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Cryptocurrency security tips - choosing the best crypto wallet to keep your assets safe
12/03/2018

Cryptocurrency security tips - choosing the best crypto wallet to keep your assets safe.

If you are looking for tips on how to ensure the safety of your cryptocurrency assets, you have come to the right place!
Whether you are a new investor, or no longer a beginner, our guide will help you ensure that your cryptocurrency as secure as possible.

Why is safety so important?

Like all assets with monetary value, cryptocurrency also needs to be kept secure to make sure you avoid any unpleasant surprises. Since cryptocurrency is a digital asset, the best practices related to its security might differ from those employed in case of traditional assets - which is why we have compiled a list of things to keep in mind when it comes to crypto-security.

Thankfully, most of the cryptocurrency exchanges make sure to have in-built security measures to keep your assets safe. But even the best security certificates will not save you from hackers if you are careless with your wallet.

To help you keep your portfolio as secure as possible, we have compiled a guide on how to choose the best wallet to keep your cryptocurrency in, along with some tips on keeping your wallet’s contents from falling into the wrong hands.

How to ensure the safety of your software wallet?

These easy steps will ensure that your data and assets will not fall into the wrong hands.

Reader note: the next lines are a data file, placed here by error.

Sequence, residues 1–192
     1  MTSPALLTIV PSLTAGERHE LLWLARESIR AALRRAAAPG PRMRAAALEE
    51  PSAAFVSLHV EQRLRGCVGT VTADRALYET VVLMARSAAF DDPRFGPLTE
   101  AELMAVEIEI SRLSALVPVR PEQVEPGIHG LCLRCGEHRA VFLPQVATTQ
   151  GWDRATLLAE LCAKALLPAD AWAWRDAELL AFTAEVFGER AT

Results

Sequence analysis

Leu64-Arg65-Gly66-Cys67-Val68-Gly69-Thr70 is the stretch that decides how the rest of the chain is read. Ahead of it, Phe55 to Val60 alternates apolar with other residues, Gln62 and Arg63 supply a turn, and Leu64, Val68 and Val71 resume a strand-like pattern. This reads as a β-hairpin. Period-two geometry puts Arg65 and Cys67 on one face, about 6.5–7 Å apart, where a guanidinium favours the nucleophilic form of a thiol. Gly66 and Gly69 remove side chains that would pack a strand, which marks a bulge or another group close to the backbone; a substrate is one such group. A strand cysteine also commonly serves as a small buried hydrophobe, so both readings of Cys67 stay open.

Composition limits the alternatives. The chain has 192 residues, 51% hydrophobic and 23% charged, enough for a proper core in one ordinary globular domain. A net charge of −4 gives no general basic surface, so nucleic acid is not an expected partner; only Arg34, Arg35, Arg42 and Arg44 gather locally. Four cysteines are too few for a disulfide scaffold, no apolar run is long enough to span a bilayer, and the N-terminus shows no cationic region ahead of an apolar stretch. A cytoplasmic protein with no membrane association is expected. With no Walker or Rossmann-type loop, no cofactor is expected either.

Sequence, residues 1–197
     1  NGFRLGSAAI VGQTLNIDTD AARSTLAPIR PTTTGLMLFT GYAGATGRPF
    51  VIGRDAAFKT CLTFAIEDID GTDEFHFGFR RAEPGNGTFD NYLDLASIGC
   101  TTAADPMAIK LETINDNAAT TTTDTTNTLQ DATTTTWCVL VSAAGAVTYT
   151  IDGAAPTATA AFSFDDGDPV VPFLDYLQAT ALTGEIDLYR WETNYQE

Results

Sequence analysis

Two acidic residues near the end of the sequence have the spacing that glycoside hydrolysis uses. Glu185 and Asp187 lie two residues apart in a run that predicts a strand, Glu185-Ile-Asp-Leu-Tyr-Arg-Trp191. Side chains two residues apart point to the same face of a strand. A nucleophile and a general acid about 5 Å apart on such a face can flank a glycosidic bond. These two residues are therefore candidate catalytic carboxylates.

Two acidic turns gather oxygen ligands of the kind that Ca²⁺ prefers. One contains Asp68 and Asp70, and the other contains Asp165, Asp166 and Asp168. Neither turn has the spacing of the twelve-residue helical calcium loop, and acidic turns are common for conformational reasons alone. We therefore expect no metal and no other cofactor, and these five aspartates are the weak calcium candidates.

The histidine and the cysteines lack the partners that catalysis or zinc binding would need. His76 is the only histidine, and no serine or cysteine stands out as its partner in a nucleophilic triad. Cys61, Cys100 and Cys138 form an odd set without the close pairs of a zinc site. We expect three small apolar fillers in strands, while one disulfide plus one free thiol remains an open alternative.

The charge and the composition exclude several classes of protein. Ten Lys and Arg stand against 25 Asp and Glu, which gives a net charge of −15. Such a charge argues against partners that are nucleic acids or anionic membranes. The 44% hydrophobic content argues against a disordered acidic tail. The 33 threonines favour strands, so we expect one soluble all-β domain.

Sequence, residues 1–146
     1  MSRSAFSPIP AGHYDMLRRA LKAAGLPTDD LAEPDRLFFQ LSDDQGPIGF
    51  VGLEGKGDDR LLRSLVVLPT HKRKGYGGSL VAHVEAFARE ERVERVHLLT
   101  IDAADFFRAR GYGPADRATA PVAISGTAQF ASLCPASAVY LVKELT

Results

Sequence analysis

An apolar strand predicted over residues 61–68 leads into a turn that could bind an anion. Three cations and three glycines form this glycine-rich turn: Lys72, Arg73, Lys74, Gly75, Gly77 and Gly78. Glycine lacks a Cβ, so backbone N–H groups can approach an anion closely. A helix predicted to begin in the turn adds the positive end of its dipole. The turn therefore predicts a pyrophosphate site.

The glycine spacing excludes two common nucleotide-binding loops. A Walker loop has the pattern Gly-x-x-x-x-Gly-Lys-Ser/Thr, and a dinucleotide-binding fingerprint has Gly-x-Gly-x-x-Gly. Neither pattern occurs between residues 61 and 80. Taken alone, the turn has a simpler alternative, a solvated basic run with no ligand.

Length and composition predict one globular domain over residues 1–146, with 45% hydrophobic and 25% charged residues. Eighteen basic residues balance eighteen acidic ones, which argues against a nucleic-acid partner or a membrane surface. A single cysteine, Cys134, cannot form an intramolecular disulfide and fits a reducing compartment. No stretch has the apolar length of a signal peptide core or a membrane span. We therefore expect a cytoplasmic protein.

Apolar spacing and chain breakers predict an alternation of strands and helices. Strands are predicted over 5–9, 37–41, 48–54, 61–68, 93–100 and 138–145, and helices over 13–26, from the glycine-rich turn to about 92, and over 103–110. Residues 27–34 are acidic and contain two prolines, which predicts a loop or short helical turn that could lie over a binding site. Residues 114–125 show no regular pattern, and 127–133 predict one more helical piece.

Choosing wallets with high security certificates

First of all, do your due diligence when it comes to choosing the right wallet. Check what kind of security certificate it possesses.

For example, wallet services offered by Darb are fully tested by F-Secure, a trusted cyber-security and privacy company, and as such are certain to have top-notch protection against all types of cyber-attacks.

Log-in data security

Now that you have chosen your wallet, you have to rule out human error. And most of the errors users tend to make concerns their log-in data.

You might imagine hackers as skilled programmers who create sophisticated software designed to crack your password. In reality, most hackers rely on users setting weak passwords, using the same passwords in many different services, using their mom’s maiden name (easily found thanks to, for example, social media) as the answer to their security questions etc.

Here are some basic rules to keep your log-in data air-tight. Those rules apply not only to cryptocurrency, so feel free to use them in any context that requires you to safeguard your data.

Using a secure e-mail

Even if your passwords are 100% airtight, it won’t matter if your e-mail account isn’t - once someone has access to your e-mail account, they can simply use the “forgot password” function and reset it.

We advise setting up a separate e-mail account used exclusively for crypto-related purposes. Try using a secure, encrypted service, such as ProtonMail to minimise the risk of your account being compromised

Choosing a secure password

No, Password1234 is not a good password, and neither is your dog’s name. You should make sure your password is impossible to guess, both for a human (who can easily find out what your puppy is called), and by a computer program.

Make sure your password is long (8 characters is an absolute minimum), and includes:

  • Small letters;
  • Capital letters;
  • Special characters, such as !, @, #, $, %, etc.
  • Numbers.

If you’re trying to create a password that is both hard to crack and easy for you to remember, try thinking of three random words, replacing some of the letters with special characters or numbers, and adding capitalisation in strange places. For example: Cat Regency Balance can be turned into c@7rEgn(Yb@1@n(e! - a password hard to crack, but easier to remember than a completely random string of characters.